- January 1, 2012 - NIAID CEIRS Training Award Centers for Excellence in Influenza Research and Surveillance Inter-collaborative Training
- April 20, 2012 -
First Place Award for the Graduate Student Society Merit Awards 2012. "This Award is presented to a School of Medicine and Dentistry graduate student in recognition of an outstanding presentation of thesis work."
Steven Baker graduated with a Bachelors of Science in Biochemical Pharmacology from the University at Buffalo, State University of New York, in 2007. He joined the PhD
program in the Department of Microbiology and Immunology, University
of Rochester, in 2009 after traveling and working in academic research
in immunology at the University of Rochester. Here, his projects defined
the effect of progesterone on differentiation of CD4 T cells, and evaluated
the role of T cell subsets in tumorigenesis and tumor immune clearance.
After rotating in laboratories that studied the interactions between pathogens and the immune system within the respiratory tract, he joined the laboratory
of Dr. Luis Martínez-Sobrido to pursue influenza virus research. When not
at the bench, Steven has enjoyed a myriad of career development opportunities at the University of Rochester through training and developing projects for international students, being a Teaching Assistant for a medical student laboratory course, and the frequent ability to present posters and oral presentations. Steven recently earned his Masters of Science from the University of Rochester in the fall of 2011.
Seasonal epidemics of influenza virus and the recent 2009 H1N1 pandemic virus merit the importance of influenza research, because despite our current therapeutics, deaths due to influenza-related illness range from 3 – 49,000 each year in the United States alone. Furthermore, influenza virus is considered an emerging pathogen because of its constant evolution away from immune inhibition. To improve upon the weapons we currently have against this deadly virus, the Martínez laboratory has developed a vaccine candidate that has proven both safe and protective in mice. The reverse-genetics derived single cycle infectious Influenza Virus (sciIV) was engineered by swapping the open reading frame of the receptor-binding protein, Hemagglutinin (HA), with that of a reporter gene (Green Fluorescent Protein, GFP). The sciIV is complemented in trans by mammalian cells that stably express HA. An advantage of deleting the major surface antigen HA is that the virus can easily be pseudotyped by propagating it in cells that express an HA of choice, which provides an opportunity to avoid preexisting immunity within the highly-exposed human population. Currently, he is studying the mechanisms of sciIV-induced protection by evaluating the role of the cell-mediated or humoral responses. During the Inter-collaborative Training Award, he will validate the protective efficacy of sciIV in an additional animal model, ferrets. Ferrets are advantageous in the study of influenza because the anatomy of their respiratory tract, and their symptoms due to influenza, more closely relate to humans than mice. Also, he will be using the ferret model to assess the effect of sciIV on preventing transmission within animals in close contact and between animals via aerosolized droplets.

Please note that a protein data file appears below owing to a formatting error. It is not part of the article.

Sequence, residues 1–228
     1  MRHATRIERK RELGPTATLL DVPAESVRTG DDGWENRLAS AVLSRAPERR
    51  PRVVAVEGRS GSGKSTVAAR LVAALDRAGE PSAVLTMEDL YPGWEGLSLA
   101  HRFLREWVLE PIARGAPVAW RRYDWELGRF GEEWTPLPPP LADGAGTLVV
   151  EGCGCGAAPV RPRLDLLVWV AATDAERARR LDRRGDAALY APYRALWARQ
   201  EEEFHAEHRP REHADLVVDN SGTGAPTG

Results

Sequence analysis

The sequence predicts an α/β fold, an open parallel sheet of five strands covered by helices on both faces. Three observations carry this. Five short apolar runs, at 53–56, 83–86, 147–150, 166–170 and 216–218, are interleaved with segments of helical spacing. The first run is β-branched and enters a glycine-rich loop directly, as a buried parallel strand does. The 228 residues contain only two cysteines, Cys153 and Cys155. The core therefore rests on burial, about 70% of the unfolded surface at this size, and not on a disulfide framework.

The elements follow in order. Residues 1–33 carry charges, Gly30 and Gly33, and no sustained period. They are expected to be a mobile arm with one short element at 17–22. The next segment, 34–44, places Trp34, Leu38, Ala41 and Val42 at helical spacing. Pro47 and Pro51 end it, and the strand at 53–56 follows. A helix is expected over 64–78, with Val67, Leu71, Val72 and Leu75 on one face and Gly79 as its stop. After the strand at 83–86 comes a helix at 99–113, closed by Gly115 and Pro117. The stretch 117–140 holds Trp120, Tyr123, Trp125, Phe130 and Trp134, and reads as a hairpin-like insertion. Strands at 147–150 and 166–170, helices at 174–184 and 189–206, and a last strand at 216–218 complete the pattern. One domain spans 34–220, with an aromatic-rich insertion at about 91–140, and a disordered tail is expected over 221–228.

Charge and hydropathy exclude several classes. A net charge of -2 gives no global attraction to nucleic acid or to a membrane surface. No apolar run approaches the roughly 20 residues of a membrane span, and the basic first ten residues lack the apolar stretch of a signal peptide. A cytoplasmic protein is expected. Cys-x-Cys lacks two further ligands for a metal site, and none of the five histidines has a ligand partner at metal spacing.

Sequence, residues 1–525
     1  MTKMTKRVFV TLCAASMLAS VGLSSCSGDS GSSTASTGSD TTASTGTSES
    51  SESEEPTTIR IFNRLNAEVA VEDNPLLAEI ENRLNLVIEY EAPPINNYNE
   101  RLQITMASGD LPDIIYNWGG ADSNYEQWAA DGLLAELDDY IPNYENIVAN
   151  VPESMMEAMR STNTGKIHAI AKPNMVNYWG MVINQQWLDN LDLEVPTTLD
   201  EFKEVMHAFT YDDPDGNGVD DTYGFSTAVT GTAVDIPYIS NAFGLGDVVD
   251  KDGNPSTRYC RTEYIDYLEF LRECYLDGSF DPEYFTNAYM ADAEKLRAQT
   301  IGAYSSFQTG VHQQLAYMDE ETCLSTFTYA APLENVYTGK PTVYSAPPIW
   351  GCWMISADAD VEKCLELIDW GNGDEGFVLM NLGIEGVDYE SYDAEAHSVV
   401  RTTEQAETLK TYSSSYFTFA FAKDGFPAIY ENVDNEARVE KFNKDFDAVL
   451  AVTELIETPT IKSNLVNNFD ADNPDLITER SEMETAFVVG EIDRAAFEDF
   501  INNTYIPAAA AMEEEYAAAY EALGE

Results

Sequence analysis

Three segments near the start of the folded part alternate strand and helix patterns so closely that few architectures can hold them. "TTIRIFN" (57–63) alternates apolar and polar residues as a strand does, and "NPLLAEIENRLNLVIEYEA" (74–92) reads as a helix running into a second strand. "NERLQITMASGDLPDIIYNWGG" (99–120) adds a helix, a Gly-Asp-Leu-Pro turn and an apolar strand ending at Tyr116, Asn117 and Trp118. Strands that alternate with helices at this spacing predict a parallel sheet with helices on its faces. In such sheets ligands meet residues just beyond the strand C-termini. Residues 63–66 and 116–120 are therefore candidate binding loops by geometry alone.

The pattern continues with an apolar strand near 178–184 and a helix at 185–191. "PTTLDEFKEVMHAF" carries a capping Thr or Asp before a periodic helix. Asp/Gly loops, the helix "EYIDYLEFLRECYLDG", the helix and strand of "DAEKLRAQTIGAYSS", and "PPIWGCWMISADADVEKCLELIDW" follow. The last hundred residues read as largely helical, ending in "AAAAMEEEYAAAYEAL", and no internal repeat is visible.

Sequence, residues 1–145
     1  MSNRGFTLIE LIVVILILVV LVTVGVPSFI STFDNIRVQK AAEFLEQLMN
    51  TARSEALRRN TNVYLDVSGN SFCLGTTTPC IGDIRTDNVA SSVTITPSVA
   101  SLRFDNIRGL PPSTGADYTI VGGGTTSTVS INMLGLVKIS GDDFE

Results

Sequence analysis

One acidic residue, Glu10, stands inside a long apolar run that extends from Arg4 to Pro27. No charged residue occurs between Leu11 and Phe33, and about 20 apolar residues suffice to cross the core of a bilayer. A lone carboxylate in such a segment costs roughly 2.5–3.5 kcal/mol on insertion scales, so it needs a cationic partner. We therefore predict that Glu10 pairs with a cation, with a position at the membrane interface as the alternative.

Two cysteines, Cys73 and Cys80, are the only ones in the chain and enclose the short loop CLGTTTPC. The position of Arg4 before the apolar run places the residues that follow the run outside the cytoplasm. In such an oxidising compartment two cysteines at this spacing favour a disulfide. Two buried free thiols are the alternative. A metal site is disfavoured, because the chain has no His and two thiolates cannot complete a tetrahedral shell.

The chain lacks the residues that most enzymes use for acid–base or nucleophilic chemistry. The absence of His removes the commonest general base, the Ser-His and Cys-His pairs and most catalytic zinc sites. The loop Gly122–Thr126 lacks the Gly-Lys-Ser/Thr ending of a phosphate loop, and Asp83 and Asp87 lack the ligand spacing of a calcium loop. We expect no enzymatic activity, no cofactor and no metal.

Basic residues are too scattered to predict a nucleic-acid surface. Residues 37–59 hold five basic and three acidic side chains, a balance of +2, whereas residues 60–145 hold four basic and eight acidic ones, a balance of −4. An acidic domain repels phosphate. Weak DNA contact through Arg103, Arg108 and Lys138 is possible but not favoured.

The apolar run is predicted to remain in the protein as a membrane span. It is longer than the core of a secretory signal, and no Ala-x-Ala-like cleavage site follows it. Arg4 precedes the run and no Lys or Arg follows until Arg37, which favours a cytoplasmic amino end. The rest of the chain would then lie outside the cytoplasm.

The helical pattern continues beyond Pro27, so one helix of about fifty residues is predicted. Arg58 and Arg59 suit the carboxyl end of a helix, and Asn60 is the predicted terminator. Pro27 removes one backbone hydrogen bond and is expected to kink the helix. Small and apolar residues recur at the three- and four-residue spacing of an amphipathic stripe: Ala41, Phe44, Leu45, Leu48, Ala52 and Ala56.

Baker SF, Guo H, Martínez-Sobrido L, Topham DJ. Mechanisms of Protection Mediated by a Safe, Immunogenic, and Efficacious Single-Cycle Infectious Influenza Virus. Manuscript in preparation.